Educating the children of 5 million migrant workers in an educational system that doesn’t recognize them, is no small task.
Our partners who are dedicated to migrant and ethnic minority education are tremendous visionaries.
Here are a few of their stories:
Group for Children
Hidden in the orange orchards of Northern Thailand are hundreds of thousands of Shan migrants who have fled violence and abject poverty in Myanmar.
Most have entered the country illegally with no documentation, making them afraid to access social welfare services.
Group for Children acts as a bridge.
GFC runs learning centers teaching primary and secondary education to children and adults. It helps secure legal documents such as birth certificates, ID cards, and school diplomas. And it assists this migrant community in accessing their rights.
But establishing the first school wasn’t easy.
Ranong Education Working Committee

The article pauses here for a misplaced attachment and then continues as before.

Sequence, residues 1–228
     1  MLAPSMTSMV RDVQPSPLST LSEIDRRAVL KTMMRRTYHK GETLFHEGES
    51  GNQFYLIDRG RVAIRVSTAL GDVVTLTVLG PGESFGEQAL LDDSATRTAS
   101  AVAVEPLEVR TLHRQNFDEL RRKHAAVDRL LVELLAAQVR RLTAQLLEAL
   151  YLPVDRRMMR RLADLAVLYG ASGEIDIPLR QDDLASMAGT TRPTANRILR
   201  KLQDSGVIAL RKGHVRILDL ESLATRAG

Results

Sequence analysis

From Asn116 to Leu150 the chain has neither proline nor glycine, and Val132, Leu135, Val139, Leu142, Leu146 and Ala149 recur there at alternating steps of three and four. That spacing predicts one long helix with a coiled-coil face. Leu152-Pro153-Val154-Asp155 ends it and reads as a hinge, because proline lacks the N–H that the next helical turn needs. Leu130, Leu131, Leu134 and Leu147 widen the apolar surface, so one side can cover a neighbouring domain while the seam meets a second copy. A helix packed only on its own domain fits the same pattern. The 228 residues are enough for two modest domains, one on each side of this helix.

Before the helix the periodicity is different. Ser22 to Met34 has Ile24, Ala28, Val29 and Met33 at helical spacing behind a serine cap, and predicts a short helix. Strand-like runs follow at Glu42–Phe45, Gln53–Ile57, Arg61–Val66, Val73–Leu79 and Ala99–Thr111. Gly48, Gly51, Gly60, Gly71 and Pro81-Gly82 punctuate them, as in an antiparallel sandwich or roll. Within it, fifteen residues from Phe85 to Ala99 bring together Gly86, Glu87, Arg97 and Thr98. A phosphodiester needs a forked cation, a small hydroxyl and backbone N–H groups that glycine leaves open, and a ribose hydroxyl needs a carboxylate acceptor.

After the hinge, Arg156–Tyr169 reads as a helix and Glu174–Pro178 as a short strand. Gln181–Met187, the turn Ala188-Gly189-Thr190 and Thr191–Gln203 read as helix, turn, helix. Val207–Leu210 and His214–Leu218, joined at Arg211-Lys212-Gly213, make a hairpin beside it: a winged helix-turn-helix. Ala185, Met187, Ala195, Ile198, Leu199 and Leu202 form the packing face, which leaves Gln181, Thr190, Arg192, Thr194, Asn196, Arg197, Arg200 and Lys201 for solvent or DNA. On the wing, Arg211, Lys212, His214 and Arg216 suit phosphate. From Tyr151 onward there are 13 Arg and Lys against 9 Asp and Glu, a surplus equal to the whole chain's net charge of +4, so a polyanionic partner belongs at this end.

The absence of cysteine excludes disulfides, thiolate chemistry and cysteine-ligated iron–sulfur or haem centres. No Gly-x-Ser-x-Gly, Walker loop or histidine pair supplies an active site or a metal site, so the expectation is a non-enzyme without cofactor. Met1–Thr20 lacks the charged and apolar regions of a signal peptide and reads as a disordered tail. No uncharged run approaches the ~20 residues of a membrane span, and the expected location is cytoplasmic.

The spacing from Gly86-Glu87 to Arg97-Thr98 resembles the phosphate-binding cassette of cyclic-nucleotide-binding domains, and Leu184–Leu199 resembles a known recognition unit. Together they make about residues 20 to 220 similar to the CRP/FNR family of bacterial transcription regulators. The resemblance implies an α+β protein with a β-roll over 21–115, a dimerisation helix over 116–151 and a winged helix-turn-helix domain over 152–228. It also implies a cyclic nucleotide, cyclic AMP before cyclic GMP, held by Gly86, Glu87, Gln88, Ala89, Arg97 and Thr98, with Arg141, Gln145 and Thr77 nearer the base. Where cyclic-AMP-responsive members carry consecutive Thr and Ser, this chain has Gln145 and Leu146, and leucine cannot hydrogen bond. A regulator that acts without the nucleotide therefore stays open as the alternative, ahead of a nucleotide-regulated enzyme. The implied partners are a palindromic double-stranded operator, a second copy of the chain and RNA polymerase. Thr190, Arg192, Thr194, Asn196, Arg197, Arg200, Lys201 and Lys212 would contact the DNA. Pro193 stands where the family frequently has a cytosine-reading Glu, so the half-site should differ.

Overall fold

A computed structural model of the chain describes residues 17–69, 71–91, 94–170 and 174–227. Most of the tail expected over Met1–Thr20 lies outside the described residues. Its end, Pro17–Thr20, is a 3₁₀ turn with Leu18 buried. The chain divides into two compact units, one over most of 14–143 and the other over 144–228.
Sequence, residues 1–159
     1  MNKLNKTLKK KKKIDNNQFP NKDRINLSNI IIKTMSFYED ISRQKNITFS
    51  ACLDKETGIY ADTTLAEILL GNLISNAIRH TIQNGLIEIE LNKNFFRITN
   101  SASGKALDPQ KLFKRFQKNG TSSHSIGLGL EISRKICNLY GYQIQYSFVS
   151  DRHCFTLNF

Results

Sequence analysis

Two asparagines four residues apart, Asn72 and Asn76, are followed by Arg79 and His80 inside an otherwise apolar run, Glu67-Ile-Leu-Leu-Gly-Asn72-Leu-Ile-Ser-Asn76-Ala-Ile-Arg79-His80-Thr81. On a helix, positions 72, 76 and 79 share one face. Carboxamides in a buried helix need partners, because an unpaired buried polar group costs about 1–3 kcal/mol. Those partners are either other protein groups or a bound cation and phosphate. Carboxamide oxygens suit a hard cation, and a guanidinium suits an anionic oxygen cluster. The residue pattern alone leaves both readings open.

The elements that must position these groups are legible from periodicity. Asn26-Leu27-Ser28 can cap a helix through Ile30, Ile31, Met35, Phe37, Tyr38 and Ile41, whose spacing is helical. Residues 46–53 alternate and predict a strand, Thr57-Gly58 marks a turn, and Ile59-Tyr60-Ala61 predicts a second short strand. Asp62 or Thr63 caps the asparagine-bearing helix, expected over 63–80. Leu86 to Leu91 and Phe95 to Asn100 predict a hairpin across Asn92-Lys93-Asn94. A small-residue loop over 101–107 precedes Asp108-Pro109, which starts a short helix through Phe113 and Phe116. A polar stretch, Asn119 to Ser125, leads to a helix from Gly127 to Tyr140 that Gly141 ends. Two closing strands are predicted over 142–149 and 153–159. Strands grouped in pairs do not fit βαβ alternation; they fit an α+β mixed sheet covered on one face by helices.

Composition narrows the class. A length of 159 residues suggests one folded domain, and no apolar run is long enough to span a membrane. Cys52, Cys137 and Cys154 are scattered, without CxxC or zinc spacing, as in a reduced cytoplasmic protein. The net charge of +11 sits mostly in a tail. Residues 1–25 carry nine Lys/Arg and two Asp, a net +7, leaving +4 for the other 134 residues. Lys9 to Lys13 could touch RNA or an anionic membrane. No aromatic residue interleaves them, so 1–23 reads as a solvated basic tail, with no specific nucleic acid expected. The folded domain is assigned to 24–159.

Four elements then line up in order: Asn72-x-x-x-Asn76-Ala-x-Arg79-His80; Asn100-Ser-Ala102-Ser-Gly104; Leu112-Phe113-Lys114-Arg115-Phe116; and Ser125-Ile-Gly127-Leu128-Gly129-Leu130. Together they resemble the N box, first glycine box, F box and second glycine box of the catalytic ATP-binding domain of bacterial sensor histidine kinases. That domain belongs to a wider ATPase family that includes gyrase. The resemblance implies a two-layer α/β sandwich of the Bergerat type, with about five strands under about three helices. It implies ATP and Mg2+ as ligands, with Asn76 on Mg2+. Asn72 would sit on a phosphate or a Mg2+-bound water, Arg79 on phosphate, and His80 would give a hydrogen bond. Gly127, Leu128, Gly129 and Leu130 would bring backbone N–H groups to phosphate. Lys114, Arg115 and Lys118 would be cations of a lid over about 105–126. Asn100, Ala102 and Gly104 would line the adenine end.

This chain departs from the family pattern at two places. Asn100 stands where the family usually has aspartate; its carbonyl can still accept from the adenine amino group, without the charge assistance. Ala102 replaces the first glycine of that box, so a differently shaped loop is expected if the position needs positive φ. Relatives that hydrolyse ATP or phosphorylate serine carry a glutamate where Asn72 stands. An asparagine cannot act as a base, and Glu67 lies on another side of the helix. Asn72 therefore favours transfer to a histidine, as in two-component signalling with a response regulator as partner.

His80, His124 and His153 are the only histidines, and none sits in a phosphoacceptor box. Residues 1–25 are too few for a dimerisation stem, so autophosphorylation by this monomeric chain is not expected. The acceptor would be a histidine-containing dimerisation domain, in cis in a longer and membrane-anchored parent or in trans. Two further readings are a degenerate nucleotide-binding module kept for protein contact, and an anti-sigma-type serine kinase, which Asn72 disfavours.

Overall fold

The Ranong Education Working Committee is special because it is “for the people by the people.” REWC was formed by former factory workers upset by the number of migrant children on the streets and in factories.
Their wish to see their children get an education was backed up with action, and REWC now operates five learning centers offering standardized education for more that 500 students in Southern Thailand.
What’s unique about the work of REWC is that it supports students who want to stay in Thailand, and those who want to return to Myanmar.
BEAM Education Foundation
Multiple barriers prohibit the children of refugees from Myanmar from attending Thai schools: language difficulties, costs, and frequent relocation.
Migrant Learning Centers attempt to fill this void, educating tens of thousands of children each year.
Yet when long-term migrants return to Myanmar, parents are finding that their children’s previous schooling in Thailand goes unacknowledged.
This leads to high dropout rates, as teens in particular see no future with an education that may not be recognized where they live.